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Cablegate: Egypt Issues Ipr Copyright Regulations

This record is a partial extract of the original cable. The full text of the original cable is not available.

UNCLAS SECTION 01 OF 02 CAIRO 003624

SIPDIS

STATE FOR NEA/ELA, NEA/RA, AND EB/IFD
USAID FOR ANE/MEA MCCLOUD
USTR FOR SAUMS
TREASURY FOR MILLS/NUGENT/PETERS
COMMERCE FOR 4520/ITA/ANESA/MTALAAT

SENSITVE

E.O. 12958: N/A
TAGS: KIPR ECON ETRD EINV EAID EG
SUBJECT: EGYPT ISSUES IPR COPYRIGHT REGULATIONS

This cable is Sensitive But Unclassified. Please handle
accordingly. Not for internet distribution.

1. (SBU) Summary. On March 29, 2005, the Prime Minister
issued decree 497/2005 which promulgated the final chapter
of executive regulations of the Intellectual Property Rights
(IPR) Law 82 of 2002. Analysis of this chapter, which cover
copyrights and neighboring rights, indicates potential
deficiencies in the regulations and some inconsistencies
with Egypt's international IPR commitments, including the
agreement on Trade-Related Aspects of Intellectual Property
Rights (TRIPS). Some of these problems were anticipated by
IPR experts, who had offered, to no avail, to help the GOE
with the drafting of the regulations. Post will report on
any additional shortcomings in the regulations that come to
light, and will follow up with IPR experts for their
reaction to the new regulations. End summary.

2. (U) Chapter 3 on copyrights and neighboring rights was
the last chapter of the four-chapter implementing
regulations of the 2002 IPR law to be issued. The absence
of executive regulations on copyrights was singled out in
the 2004 Special 301 report as one of the reasons for weak
copyright enforcement in Egypt -- a deficiency cited as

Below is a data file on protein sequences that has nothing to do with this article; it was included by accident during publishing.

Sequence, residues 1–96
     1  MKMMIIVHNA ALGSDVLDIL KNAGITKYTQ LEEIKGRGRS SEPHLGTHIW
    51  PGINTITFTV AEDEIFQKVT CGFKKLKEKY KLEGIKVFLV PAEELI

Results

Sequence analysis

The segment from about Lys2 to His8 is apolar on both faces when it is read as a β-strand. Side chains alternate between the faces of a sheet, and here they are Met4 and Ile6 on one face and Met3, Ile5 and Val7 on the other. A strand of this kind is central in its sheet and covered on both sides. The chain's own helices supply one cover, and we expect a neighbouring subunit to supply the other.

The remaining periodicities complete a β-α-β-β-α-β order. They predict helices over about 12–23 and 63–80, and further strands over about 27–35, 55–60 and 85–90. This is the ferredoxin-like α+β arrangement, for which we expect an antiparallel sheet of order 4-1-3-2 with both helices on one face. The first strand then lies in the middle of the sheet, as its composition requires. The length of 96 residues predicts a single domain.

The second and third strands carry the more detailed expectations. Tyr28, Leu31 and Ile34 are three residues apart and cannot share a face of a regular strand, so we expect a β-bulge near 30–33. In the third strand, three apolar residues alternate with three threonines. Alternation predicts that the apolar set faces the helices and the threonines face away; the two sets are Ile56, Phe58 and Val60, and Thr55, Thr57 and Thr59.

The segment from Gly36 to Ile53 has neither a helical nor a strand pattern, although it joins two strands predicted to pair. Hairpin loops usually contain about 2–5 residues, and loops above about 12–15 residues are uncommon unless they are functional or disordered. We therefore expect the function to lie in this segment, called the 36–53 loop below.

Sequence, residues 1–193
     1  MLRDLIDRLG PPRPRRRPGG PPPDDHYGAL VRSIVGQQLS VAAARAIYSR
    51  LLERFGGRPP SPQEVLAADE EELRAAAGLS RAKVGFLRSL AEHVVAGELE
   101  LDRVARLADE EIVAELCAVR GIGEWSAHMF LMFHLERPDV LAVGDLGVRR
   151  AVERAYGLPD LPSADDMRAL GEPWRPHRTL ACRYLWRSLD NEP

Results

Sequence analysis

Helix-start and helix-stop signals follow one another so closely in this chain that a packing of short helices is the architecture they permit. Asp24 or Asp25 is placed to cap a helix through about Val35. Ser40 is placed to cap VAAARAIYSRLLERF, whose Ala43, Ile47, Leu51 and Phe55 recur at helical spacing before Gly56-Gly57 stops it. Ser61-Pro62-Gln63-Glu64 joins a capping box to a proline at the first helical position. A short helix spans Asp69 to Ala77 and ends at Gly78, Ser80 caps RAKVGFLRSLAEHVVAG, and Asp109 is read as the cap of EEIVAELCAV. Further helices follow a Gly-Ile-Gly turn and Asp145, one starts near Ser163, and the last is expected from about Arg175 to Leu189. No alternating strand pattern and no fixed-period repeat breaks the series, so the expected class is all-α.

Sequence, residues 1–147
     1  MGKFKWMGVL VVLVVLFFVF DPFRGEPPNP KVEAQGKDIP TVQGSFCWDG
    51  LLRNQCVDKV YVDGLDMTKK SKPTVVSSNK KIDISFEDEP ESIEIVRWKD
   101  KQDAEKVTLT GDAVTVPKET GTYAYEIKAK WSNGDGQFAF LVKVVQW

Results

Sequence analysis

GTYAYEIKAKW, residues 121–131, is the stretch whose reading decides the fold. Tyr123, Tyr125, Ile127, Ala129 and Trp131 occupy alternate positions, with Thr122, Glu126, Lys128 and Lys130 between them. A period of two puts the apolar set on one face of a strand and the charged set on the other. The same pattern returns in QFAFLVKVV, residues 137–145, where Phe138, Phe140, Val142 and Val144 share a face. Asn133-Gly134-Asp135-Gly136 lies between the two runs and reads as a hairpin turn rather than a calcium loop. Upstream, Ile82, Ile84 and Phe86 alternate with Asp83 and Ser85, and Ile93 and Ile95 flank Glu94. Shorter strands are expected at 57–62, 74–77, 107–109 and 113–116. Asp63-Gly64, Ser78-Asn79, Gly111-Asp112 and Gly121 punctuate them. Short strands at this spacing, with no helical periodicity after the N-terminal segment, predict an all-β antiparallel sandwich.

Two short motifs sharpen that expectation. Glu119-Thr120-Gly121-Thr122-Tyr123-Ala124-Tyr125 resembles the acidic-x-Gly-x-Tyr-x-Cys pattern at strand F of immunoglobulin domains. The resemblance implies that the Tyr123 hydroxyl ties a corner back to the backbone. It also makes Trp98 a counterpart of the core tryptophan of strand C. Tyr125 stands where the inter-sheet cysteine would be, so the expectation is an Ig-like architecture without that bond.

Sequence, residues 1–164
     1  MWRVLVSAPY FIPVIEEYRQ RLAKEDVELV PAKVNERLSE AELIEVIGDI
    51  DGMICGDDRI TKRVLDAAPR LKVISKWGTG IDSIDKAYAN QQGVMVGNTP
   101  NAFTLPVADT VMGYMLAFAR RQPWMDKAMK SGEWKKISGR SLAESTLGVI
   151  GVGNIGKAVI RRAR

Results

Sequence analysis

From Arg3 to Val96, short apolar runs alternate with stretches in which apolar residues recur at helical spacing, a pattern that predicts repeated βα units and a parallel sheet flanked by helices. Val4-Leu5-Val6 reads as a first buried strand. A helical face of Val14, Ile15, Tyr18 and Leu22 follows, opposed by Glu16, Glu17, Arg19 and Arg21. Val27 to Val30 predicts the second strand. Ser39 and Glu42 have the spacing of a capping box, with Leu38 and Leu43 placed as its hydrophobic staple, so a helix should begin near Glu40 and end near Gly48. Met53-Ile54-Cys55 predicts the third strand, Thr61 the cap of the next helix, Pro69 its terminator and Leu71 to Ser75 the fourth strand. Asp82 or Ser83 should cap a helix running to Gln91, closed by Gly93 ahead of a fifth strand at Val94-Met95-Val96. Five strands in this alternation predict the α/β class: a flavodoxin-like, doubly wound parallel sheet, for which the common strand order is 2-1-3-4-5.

justification for elevating Egypt to the Priority Watch List
that year.

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3. (SBU) While the implementation of the copyright
regulations is welcome, a review of the chapter by the IPR
consultants at the USAID-funded Intellectual Property Rights
Assistance (IPRA) Project indicates that the regulations
fail to address the following important issues:

False licensing: The regulations do not address false
licensing -- the granting of a license by someone with no
authority to do so. GOE enforcement authorities cite their
inability to verify the authenticity of licenses as a major
reason for failing to provide effective copyright
enforcement.

Border protection: There is confusion within the GOE over
which agencies are responsible for preventing pirated
material from entering the country, a TRIPS obligation. The
issue is not addressed by either the 2002 IPR law or the
Chapter 3 regulations. This deficiency is of great concern,
as most pirated goods in Egypt are imported, not produced
locally.

Non-voluntary licenses: A concern with IPR Law 82 of 2002
was that it created a provision for non-voluntary licenses
that went beyond what was permitted under the Berne
Convention for the Protection of Literary and Artistic Works
(Berne Convention) and TRIPS. The copyright regulations
failed to remedy this problem and, in fact, appear to have
created an even more expansive set of non-voluntary
licenses, especially for educational purposes, without the
protections and limitations required under the Berne
Convention.

Computer software: Chapter 3 regulations regarding the
adaptation of computer software are unclear and could allow
persons other than the software designer to adapt the
software without permission, in violation of the Berne
Convention and TRIPS.

Licensing of works in the public domain: The regulations
require payment for licenses for the commercial or
professional use of works, sound recordings, performance or
broadcast programs that are already in the public domain.
Requiring payment for such works violates the principle of
public domain and deprives the public of the intended
benefits.

4. (SBU) Comment: Analysis of the copyright regulations by
IPRA experts indicates that a number of deficiencies that
will have to be corrected if Egypt is to meet its
international IPR obligations. These problems are not
wholly unexpected. The IPRA project had identified many of
these concerns after the IPR law went into effect and had
offered to assist the Ministry of Culture with the drafting
of the executive regulations. Unfortunately, the offer was
refused. Post will report on any additional shortcomings in
the regulations that come to light, and will follow up with
representatives in the field of intellectual property for
their reaction to the new regulations. End comment.

GRAY

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